“If you look at the spine from the front and the back, it should be straight. When scoliosis is present, there is always a sideways [“S” or “C”-shaped curvature] shifting of the spine from the right or left,” says Dr. Aminian. The cause of scoliosis is unknown, but scientists have recently identified genetic markers that are contributing to individuals with it. The condition is more prevalent in girls during their growth spurt years. “Usually, the majority of cases don’t become progressive, but a small subset do and might require surgery in the future,” says Dr. Aminian.
“California is one of a number of states that requires screening students for scoliosis in schools. It’s important that children get screened with their school nurse or their pediatrician,” says Dr. Aminian. The Adam’s Forward Bend Test checks for scoliosis by having the child lean forward and looking at rib asymmetry. Others signs can be shoulder height (when one shoulder is higher than the other), uneven hips and waistline asymmetry.
“If we catch the scoliosis at younger ages and smaller curves, we’re able to control it with a bracing program,” says Dr. Aminian. The more often the customized brace is worn, the better. Some kids may feel self-conscious wearing it at first, but CHOC’s counseling program helps them cope. “We work with them to increase the number of hours they wear it at school. We stress they wear it at night,” says Dr. Aminian. And they can even sleep in it.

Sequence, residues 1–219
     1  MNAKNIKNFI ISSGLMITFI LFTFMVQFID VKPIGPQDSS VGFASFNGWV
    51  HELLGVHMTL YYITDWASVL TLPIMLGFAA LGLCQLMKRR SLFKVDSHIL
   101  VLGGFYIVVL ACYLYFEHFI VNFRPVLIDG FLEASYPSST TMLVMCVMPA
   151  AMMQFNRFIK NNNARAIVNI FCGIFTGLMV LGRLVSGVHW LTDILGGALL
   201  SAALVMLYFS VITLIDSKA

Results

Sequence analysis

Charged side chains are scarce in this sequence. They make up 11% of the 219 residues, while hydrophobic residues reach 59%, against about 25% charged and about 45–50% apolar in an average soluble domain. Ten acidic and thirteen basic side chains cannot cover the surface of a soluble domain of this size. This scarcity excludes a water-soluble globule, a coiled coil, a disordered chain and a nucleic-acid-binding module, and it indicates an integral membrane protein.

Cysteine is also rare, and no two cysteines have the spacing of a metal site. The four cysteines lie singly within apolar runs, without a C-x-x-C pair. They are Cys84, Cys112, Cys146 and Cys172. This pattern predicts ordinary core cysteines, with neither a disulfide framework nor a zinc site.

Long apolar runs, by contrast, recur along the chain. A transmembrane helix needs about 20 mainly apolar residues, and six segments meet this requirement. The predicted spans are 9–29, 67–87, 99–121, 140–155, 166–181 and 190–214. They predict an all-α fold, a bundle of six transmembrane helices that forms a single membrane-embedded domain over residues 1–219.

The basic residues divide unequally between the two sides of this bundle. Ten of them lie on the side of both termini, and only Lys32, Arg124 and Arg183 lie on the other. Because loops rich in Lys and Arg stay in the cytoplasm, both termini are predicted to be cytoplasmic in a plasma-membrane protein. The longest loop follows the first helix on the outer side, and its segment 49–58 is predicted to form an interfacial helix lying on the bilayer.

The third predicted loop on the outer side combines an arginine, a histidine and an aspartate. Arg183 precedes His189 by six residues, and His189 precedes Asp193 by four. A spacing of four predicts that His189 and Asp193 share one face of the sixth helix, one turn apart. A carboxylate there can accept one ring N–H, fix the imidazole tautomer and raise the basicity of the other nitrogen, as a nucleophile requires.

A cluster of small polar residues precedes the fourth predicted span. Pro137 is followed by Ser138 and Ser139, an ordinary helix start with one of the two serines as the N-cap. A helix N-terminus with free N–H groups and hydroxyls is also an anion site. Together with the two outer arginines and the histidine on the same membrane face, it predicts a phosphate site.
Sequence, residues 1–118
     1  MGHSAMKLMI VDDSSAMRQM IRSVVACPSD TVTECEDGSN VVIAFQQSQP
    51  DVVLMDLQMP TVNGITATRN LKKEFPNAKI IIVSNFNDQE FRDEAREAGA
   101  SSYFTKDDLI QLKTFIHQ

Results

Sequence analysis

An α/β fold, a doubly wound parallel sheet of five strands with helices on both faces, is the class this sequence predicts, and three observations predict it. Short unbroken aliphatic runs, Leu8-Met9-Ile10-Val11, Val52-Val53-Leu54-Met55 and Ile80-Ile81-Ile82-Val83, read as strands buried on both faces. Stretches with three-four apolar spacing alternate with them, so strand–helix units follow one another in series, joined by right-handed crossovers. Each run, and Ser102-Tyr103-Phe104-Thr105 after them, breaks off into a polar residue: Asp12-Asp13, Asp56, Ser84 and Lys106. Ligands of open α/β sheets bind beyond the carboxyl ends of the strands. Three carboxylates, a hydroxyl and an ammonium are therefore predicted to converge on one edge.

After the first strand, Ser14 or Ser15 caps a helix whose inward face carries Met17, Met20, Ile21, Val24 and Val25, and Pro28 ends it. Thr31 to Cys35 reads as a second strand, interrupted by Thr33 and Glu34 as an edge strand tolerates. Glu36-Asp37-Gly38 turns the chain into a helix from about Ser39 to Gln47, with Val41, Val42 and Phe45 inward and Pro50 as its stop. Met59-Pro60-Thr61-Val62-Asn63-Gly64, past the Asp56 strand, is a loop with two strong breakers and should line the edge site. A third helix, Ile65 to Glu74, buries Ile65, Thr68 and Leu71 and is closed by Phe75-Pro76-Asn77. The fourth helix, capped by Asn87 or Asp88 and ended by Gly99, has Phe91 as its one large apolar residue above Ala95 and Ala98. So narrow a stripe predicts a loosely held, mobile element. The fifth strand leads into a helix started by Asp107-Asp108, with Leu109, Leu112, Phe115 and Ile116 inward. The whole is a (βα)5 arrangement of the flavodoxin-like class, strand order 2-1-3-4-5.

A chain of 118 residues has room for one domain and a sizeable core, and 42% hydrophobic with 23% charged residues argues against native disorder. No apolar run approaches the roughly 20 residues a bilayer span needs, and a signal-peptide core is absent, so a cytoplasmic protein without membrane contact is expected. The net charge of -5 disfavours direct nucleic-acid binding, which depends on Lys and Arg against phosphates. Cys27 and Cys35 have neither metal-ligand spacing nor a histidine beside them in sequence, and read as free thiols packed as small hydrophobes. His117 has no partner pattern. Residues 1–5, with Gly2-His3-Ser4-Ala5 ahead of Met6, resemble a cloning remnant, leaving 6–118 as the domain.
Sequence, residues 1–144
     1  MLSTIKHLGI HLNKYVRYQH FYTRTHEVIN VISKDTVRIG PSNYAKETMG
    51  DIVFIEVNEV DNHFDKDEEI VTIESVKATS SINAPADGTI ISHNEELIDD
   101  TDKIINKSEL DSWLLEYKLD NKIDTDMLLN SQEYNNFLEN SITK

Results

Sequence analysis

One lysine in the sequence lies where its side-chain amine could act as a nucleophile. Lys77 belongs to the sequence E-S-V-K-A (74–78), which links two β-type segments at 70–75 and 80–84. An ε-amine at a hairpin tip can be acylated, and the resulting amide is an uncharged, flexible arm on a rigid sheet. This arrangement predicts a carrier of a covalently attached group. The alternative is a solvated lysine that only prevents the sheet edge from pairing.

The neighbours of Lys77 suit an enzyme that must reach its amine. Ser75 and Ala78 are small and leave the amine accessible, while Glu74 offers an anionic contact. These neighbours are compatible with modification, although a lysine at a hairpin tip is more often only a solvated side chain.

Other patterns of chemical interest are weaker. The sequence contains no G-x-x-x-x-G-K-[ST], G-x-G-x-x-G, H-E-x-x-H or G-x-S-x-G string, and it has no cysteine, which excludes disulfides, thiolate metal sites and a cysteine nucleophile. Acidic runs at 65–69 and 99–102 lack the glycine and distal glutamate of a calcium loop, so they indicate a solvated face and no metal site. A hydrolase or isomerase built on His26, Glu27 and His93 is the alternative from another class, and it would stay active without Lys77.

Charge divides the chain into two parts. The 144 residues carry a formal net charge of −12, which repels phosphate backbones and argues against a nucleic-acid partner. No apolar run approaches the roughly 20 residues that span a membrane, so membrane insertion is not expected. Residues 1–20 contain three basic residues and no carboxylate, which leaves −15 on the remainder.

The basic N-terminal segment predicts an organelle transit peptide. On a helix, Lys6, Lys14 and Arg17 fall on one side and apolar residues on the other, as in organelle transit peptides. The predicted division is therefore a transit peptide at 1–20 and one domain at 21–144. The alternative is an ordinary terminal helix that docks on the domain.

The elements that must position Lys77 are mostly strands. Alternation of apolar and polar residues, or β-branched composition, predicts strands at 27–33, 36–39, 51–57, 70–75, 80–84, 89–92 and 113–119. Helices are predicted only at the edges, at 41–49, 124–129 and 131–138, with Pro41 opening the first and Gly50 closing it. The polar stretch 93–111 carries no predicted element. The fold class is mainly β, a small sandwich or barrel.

Straighten with surgery
“Surgery is reserved for curves that are major that we think will cause problems in the future, including breathing, balance and pain,” says Dr. Aminian. “Luckily, it’s a standardized surgery. It’s very safe and effective.”
- Grades when girls should be evaluated for scoliosis: 5th and 6th Grade
- Grades when boys should be evaluated for scoliosis: 7th and 8th Grade
- Percentage of the population that have a small (insignificant) curve in their spine: 10 %
This article was featured in the Orange County Register on December 23 , 2013 and was written by Shaleek Wilson.
Featured pediatric expert
Washington University School of Medicine
Dr. Aminian is the director of the CHOC Children’s Orthopaedic Institute. He completed his general surgery internship and orthopaedic surgery residency at Northwestern Memorial Hospital and is affiliated with the Pediatric Orthopaedic Society of North America, the American Academy of Orthopaedic Surgery and the Scoliosis Research Society.
Dr. Aminian’s philosophy of care: “I try to put myself in the parents’ shoes and explain to them in the most common terms what we’re doing and why we’re doing it, reminding them of the hospital’s capabilities.”
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